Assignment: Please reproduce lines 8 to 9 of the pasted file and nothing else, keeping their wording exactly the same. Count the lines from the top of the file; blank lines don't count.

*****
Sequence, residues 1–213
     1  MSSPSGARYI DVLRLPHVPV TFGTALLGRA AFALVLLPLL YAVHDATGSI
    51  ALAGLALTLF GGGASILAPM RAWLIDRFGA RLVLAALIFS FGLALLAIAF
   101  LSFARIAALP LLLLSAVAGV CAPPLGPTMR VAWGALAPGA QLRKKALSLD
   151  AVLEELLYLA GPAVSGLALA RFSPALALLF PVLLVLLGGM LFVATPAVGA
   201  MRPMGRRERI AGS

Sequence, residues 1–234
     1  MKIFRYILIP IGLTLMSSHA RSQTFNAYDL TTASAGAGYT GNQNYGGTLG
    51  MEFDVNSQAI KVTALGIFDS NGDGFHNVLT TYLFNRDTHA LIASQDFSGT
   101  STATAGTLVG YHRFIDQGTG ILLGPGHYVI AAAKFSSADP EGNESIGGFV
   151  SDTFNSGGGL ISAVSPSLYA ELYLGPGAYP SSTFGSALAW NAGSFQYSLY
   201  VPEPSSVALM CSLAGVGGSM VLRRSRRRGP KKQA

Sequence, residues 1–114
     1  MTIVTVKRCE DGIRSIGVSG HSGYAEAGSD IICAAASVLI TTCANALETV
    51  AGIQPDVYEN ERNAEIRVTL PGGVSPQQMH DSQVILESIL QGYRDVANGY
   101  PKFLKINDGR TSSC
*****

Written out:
     1  MKIFRYILIP IGLTLMSSHA RSQTFNAYDL TTASAGAGYT GNQNYGGTLG
    51  MEFDVNSQAI KVTALGIFDS NGDGFHNVLT TYLFNRDTHA LIASQDFSGT